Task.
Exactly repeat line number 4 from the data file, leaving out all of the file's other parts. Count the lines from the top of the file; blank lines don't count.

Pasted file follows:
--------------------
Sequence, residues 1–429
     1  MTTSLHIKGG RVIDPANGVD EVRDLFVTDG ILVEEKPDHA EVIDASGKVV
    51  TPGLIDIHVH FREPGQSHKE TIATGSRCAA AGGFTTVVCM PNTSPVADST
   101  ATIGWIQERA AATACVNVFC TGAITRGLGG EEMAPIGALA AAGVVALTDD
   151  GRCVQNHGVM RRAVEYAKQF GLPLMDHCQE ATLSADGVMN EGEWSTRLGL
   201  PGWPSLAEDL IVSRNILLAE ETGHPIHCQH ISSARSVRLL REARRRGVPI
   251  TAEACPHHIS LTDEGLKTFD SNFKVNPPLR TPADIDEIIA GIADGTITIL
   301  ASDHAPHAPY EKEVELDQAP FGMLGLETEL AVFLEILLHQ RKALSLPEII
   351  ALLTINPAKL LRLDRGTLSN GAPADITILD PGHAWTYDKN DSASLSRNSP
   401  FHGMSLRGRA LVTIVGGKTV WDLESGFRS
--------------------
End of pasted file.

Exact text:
   101  ATIGWIQERA AATACVNVFC TGAITRGLGG EEMAPIGALA AAGVVALTDD